CSP has a large number of directives that should be analyzed carefully to implement an appropriate policy, but the basic use is that if the resource is not from the same source as the website, don’t allow it. We won’t go into details about all the directives for this header, but you can check them all here. Here’s an example of a basic CSP policy:
What this Security Header does is basically to prevent browsers from interpreting page content and executing the data as code. According to Wikipedia the technique Content Sniffing also known as MIME Sniffing is the practice of inspecting the content of a byte stream to attempt to deduce the file format of the data within it. With this header in place the only directive available is the nosniff one, preventing the browser from doing that. Here is the basic example of how to use it:
Well, the name of this header seems pretty obvious right? Can you guess what it does? You guessed right! It informs the browsers that anti-XSS filters should be applied. Since XSS is still very common on all web applications, modern browsers have tools that seek to filter page content by preventing Cross-Site Scripting (XSS) attacks from affecting users. Here is a basic example of how to use it:
This enables the XSS filter from the browser and when a XSS attack is detected, the browser prevents from rendering that page. For more options on how to use this header, please check this OWASP Secure Header Project page.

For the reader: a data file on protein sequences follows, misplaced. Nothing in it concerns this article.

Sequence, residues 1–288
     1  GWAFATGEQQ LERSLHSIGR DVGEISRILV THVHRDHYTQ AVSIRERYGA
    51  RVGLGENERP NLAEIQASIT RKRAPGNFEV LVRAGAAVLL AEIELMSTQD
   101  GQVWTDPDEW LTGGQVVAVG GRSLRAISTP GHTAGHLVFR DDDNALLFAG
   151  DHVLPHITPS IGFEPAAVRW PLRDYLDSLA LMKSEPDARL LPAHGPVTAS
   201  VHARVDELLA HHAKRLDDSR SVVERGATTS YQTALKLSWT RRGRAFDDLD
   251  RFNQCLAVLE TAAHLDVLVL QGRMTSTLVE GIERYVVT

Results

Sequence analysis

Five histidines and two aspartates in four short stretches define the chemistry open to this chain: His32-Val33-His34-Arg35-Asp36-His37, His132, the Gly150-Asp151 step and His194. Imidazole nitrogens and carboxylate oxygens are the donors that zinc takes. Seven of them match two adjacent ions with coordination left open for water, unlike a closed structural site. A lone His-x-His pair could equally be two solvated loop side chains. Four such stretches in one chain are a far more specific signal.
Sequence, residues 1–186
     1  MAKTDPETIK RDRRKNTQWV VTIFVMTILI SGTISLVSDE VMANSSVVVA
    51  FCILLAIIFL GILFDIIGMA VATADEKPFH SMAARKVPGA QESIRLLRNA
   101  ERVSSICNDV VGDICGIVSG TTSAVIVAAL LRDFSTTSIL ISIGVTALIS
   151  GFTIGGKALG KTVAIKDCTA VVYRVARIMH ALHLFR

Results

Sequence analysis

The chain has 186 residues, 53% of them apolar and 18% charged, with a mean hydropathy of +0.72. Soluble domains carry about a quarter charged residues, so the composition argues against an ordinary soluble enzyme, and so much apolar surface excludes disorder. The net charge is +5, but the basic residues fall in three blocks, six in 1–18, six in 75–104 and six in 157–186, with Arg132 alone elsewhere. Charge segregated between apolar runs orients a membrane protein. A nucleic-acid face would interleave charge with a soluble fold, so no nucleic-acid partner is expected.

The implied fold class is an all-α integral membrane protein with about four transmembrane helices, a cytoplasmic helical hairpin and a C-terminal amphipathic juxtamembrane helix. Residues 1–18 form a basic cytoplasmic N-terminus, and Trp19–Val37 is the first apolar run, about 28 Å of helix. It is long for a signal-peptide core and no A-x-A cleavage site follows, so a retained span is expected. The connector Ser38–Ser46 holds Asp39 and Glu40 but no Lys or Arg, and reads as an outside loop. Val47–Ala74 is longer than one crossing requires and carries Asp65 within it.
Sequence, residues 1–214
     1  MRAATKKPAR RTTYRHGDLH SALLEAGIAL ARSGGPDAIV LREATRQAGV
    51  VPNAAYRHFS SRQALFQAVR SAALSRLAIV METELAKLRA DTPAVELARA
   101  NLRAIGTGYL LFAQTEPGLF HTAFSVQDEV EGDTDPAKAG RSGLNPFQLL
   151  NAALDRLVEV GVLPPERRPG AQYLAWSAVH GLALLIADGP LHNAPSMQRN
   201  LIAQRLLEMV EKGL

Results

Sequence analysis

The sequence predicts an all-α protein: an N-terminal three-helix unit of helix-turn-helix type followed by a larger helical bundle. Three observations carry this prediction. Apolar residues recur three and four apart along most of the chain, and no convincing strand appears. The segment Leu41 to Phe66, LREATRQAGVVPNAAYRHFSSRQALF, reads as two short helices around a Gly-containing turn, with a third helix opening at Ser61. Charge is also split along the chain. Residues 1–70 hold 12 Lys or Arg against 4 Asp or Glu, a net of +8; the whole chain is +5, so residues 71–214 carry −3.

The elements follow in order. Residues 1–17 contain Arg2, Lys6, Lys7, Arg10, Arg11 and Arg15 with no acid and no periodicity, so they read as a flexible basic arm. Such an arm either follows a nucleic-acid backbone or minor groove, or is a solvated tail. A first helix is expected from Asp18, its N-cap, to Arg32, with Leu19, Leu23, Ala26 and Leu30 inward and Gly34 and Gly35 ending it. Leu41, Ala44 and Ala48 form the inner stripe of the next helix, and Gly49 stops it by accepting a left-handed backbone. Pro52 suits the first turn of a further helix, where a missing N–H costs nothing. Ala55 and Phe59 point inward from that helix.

This header controls which content the browser can render from external content on DOM (Document Object Model) objects such as <frame>, <iframe> or <object>. These objects are usually used by attackers to perform Clickjacking attacks such as misleading buttons found on unsafe websites. It has three main options:
- deny - which denies rendering from frames of any kind
- sameorigin - only renders if the frame is from the same origin of the site
- allow-from: Domain - allows rendering if the frame is from that specific domain
Here is a basic example of how to use it on your webserver:
There are many more Security Headers that can be applied on your web applications. But make sure that you set up correctly the above mentioned security headers before going to the others.
Here at High-Tech Bridge we have a free application security tool called ImmuniWeb WebScan to check if your website has the CSP and other Security Headers implemented correctly, please check it out, it’s free! Here is a sample result of the scan on our own website:
ImmuniWeb® WebScan analyzes the following HTTP headers:
- Content-Security-Policy (also known as CSP)
- Public-Key-Pins (also known as HPKP)
- Strict-Transport-Security (also known as HSTS)
ImmuniWeb® WebScan also fingerprints your CMS and JS libraries, checks your website for crypto-jacking and other malware, and verifies if you website is protected by a WAF.
Try it now!